hey psst this is my Martin Scorsese

dont ask me i dont know

artblog - art tag

background source
image
Confessions of a Peeping John
— "white people can’t dance"

barking-bozo:

then explain THIS

#art
hipinuff:

Henri Provensal (French: 1868-1934), The tomb of a poet, 1901. Musée d’Orsay, Paris.

hipinuff:

Henri Provensal (French: 1868-1934), The tomb of a poet, 1901. Musée d’Orsay, Paris.

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(Source: fassyy)

#art
voltra:

Myles Murphy, Figure with Yellow Foreground, 1974

voltra:

Myles Murphy, Figure with Yellow Foreground, 1974

dichotomized:

The suicide note. A collection of words written impulsively in a crazed frenzy, or carefully, thoughtfully agonized over, so each word fits and flows seamlessly. Highly choreographed, overly manipulated, driven by madness, or calmly articulated - it doesn’t matter. Each note is the same, each note is different - a last word leaving no room for rebuttal. Suicide notes are meant to explain, revoke sympathy, provide understanding, answer questions, or create new ones. They beg for forgiveness, confess deep, dark secrets, or attempt to hide things. Some point fingers, sharing the truth and thus setting off a spree of investigations.
Excerpts from some famous suicides:
Jules Pascin:  “Lucy, Pardonnez-moi,”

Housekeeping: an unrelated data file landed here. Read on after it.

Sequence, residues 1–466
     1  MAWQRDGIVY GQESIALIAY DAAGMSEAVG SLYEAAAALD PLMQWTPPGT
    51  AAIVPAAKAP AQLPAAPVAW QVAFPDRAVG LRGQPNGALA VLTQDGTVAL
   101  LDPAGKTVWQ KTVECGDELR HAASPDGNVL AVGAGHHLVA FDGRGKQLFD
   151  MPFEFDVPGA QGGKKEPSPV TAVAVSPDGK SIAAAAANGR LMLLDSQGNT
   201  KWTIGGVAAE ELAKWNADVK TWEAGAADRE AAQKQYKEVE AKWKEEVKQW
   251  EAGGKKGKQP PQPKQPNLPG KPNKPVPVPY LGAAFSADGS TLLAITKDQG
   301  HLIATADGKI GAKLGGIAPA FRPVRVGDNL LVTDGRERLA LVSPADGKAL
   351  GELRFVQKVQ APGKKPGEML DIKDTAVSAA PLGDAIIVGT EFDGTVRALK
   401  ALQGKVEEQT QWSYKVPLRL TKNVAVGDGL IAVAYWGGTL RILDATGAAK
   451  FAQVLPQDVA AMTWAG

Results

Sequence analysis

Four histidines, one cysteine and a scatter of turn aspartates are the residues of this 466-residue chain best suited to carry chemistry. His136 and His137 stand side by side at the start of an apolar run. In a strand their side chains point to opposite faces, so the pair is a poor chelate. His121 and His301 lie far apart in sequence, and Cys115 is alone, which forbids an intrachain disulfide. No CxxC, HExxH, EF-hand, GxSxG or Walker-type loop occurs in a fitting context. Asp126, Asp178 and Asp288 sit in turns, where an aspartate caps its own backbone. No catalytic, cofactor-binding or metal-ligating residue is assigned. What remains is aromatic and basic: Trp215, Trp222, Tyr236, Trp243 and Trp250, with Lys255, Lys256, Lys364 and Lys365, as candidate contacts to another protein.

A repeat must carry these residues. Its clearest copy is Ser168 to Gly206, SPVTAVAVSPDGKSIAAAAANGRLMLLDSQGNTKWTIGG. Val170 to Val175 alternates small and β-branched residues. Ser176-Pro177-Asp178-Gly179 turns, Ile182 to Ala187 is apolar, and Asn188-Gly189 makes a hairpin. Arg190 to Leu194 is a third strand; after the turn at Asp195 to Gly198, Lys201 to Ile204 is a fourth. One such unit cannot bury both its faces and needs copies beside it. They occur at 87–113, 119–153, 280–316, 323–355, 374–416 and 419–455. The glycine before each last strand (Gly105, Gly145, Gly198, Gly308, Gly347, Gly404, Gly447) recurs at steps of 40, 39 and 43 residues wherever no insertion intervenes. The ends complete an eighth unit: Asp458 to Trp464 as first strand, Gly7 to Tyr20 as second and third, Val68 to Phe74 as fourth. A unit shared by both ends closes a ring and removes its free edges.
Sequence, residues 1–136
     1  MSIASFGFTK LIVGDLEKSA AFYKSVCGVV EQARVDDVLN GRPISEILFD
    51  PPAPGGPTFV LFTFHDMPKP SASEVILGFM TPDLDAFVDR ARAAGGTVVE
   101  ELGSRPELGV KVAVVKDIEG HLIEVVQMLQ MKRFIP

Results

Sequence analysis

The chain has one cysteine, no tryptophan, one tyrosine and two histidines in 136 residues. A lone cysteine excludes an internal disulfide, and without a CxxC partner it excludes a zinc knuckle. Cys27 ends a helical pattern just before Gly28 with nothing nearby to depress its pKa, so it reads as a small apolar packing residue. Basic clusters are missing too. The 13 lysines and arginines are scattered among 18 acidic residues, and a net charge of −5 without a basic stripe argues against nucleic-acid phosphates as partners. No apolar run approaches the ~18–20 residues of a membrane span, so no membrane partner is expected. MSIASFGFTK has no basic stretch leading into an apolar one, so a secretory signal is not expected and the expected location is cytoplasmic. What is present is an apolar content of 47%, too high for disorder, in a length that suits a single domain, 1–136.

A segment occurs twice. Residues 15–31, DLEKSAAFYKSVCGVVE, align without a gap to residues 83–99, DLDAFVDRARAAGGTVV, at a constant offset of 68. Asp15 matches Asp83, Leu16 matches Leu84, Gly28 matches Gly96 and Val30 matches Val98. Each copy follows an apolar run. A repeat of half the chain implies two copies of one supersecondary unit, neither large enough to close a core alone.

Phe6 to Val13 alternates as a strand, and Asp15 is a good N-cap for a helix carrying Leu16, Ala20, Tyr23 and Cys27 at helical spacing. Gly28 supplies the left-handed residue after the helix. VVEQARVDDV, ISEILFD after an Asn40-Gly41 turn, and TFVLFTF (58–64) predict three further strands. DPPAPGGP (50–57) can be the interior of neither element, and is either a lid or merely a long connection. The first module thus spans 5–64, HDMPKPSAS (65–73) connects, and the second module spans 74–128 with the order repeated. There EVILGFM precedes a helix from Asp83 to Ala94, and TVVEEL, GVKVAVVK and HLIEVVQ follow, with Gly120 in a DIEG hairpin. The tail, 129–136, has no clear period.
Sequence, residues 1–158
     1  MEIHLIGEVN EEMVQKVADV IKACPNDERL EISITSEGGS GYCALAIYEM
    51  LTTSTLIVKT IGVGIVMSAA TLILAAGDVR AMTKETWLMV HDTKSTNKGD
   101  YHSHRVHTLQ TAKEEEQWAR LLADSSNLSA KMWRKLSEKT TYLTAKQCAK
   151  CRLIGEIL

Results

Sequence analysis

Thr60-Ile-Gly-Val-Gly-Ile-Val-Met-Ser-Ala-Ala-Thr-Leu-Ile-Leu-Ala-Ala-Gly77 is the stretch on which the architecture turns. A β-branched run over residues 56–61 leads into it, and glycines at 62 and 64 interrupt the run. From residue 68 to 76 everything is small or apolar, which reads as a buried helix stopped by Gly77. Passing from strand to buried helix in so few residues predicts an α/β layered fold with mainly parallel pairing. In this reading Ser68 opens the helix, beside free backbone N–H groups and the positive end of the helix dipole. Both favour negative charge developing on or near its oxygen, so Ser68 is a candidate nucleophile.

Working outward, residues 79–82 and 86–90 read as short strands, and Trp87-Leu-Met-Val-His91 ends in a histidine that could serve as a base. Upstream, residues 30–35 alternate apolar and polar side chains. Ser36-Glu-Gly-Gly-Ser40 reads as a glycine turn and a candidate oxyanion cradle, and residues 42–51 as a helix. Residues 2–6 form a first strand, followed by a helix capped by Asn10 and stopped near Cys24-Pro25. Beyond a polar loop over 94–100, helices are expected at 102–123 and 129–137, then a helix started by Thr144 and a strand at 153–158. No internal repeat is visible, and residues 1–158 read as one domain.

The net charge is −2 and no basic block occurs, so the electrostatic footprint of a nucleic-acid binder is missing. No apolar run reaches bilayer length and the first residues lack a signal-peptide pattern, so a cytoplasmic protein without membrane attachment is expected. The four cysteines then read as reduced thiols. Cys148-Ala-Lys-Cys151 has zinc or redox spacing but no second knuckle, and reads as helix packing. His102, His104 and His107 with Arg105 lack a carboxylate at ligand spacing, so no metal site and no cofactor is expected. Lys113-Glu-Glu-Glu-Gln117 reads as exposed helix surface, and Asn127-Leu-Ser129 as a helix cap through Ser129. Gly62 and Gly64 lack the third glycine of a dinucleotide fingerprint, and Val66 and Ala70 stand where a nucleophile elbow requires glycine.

Hunter S. Thompson: “Football Season is Over. No More Games. No More Bombs. No More Walking. No More Fun. No More Swimming. 67. That is 17 years past 50. 17 more than I needed or wanted. Boring. I am always bitchy. No Fun for anybody. 67. You are getting Greedy. Act your old age. Relax This won’t hurt.”
Sylvia Plath: “Please call Dr. Horder.”
Dorothy Dandridge: “In case of my death, to whomever discovers it, don’t remove anything I have on - scarf, gown or underwear. Cremate me right away. If I have anything, money, furniture, give it to my mother Ruby Dandridge. She will know what to do.
Virginia Woolf: “I feel certain that I’m going mad again. I feel we can’t go thru another of those terrible times. And I shan’t recover this time. I begin to hear voices, and I can’t concentrate. So I am doing what seems the best thing to do.”
Spalding Gray: “It’s an old story you’ve heard over and over. My life is coming to an end. Everything is in my head now. My timing is off. In the last two years I’ve had at least ten therapists and all those shock treatments. Suicide is a viable alternative for me instead of going to an institution. I don’t want an audience. I don’t want anyone to see me slip into the water.”
Wendy O. Williams: “I don’t believe that people should take their own lives without deep and thoughtful reflection over a considerable period of time.”
Clara Blandick: “I am now about to make the great adventure. I cannot endure this agonizing pain any longer. It is all over my body. Neither can I face the impending blindness. I pray the Lord my soul to take. Amen.”
James Whale: “The future is just old age and illness and pain…. I must have peace and this is the only way.”